What if the key to wellness wasn’t so much down to what we do, but when we do it? From maintaining a healthy weight to boosting overall vitality, timing can be…
Did you know each of our body’s cells has its own internal ‘clock’, and that by keeping ticking correctly, you can supercharge your energy, stay in great shape, help ward off disease and sleep well every night? It’s all down to living in keeping with our circadian rhythms, says Dr Satchin Panda, author of new book The Circadian Code (£14.99, Vermilion). “Circadian rhythms are real biological processes that every plant, animal, and even humans exhibits over the course of a day,” he explains. “These rhythms are governed by the internal circadian or biological clocks (very different from the ‘ticking biological clock’ you might think about if you’re worried that you’re not having kids by a certain age). Almost each and every one of our cells contains one of these clocks, and each is programmed to turn on or off thousands of genes at different times of the day or night.”
It’s a clever system that keeps our body functioning as it should, but so often it is thrown off track by everyday situations: “Eating and drinking for more than a 12 hour period in one day, staying awake past midnight under bright lights, staying indoors in dimly lit rooms all day or doing shift work can all disrupt our rhythm,” says Satchin.
Scarily, the consequences of this can be pretty dire. “A few days of disrupted circadian rhythm can give us a foggy brain, insomnia, indigestion, bloating, heart burn and stomach pain, plus flare up some autoimmune diseases,” says Satchin. “Several weeks or months of circadian disruption can break our natural balance of brain chemicals and hormones, build up toxic waste, and lower our repair process. These symptoms can lead to a range of diseases from anxiety, depression, ADHD and diabetes, to high blood pressure, cancer and dementia.”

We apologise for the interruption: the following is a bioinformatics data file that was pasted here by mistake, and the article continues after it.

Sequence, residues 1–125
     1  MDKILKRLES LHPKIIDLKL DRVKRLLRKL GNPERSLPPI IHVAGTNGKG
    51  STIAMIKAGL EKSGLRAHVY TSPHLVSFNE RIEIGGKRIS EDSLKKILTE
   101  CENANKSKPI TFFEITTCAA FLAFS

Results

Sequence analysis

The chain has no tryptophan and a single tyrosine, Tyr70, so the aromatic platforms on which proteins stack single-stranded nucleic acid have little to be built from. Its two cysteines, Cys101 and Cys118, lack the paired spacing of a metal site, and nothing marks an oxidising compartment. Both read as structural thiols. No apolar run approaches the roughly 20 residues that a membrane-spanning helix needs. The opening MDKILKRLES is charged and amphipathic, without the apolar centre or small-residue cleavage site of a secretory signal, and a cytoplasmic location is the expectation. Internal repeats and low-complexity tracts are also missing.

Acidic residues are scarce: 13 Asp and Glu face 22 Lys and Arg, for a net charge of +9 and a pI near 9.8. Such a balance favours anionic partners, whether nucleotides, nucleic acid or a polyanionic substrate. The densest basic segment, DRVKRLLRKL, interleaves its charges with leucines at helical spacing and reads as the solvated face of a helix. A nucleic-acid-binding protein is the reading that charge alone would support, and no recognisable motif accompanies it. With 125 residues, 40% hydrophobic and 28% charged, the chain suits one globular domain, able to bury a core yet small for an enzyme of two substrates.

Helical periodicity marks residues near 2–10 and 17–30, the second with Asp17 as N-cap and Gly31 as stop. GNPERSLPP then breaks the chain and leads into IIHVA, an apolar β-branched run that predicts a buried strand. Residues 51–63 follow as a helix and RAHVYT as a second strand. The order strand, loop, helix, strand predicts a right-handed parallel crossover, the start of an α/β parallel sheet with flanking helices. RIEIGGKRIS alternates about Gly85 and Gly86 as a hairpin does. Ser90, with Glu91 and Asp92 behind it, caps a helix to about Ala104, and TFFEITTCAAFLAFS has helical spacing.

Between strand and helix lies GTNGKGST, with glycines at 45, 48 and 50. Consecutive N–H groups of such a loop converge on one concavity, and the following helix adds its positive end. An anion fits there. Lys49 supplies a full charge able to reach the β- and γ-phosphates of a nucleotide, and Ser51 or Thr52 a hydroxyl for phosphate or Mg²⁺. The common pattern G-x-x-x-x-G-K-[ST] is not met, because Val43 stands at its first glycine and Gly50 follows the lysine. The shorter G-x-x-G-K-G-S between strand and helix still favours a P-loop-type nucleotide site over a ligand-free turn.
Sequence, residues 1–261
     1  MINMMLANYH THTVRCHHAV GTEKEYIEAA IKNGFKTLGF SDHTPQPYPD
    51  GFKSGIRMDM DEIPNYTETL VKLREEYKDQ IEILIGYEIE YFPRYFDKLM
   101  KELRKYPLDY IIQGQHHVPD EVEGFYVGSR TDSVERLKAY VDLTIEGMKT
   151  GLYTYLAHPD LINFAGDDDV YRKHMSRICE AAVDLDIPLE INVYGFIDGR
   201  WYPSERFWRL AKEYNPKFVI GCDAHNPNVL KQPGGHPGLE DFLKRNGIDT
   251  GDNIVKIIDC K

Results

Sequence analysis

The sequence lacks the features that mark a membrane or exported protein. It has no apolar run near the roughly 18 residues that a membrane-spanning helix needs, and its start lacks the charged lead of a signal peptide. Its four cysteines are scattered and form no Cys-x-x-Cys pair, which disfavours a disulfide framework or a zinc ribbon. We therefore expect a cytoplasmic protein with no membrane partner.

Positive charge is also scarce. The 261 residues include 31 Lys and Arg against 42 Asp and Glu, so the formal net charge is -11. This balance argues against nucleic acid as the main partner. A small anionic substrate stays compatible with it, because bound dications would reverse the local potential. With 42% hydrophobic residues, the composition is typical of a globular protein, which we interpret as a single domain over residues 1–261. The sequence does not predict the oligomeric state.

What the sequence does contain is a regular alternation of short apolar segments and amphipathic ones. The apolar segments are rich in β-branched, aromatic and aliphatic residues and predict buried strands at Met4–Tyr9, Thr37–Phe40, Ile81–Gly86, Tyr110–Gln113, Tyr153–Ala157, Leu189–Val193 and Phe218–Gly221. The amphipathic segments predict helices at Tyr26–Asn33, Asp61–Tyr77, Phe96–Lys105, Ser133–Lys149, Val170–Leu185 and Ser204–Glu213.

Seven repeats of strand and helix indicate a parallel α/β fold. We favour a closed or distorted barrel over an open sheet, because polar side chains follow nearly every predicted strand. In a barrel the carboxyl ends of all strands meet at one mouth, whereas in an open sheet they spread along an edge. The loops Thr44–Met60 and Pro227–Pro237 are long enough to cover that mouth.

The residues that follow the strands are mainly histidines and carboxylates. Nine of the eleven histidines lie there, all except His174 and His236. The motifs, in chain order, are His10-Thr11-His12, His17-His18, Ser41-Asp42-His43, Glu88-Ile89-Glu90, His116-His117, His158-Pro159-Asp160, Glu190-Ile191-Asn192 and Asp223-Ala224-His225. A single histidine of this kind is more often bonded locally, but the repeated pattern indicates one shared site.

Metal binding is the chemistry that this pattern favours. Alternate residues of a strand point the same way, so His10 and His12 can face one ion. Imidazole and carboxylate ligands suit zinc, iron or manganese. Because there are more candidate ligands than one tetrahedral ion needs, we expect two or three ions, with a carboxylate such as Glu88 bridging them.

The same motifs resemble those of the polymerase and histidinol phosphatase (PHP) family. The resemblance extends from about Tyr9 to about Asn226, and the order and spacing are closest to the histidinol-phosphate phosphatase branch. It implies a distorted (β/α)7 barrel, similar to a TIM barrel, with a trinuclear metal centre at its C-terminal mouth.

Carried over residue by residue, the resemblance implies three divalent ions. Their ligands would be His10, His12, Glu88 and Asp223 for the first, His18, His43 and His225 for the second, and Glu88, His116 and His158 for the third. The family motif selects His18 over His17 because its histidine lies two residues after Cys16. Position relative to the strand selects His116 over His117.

“When these daily rhythms are disturbed for as little as a day or two, our clocks can’t send out the right messages to genes, and our body and mind will not function as well as we need,” he explains. “These genes influence every aspect of our health. For instance, when we are healthy, we can have a good night’s sleep. In the morning, we wake up feeling fresh and energetic and ready to get to work. Our gut function is perfectly normal. We have a healthy hunger and a clear mind. In the afternoon, we have the energy to exercise. At night, we are tired enough to go back to sleep without much effort. Yet when these daily rhythms are disturbed for as little as a day or two, our clocks can’t send out the right messages to these genes, and our body and mind will not function as well as we need.”
If you’re struggling to shift the pounds, it could all be down to this disruption. In his book, Satchin advocates what he calls timerestricted eating (TRE) as the most important factor in setting our rhythms. Scientists thought for a while that all of the information for our body clock came through the blue light sensors in our eyes – that is, daylight and darkness dictated the processes of our body – but recent experiments have shown that the body syncs to other cues too, with food timing being the most powerful. Satchin says, while our brain clocks are most sensitive to light, the clocks in our gut, liver, heart and kidneys respond directly to food. This is why TRE is our most powerful weapon against weight gain. “Disrupted circadian rhythm keeps our metabolism in a state where our body makes and stores fat and breaks down muscle mass. It does not allow our body to fully turn on its detoxification and fat burning mechanism. That is why we gain weight.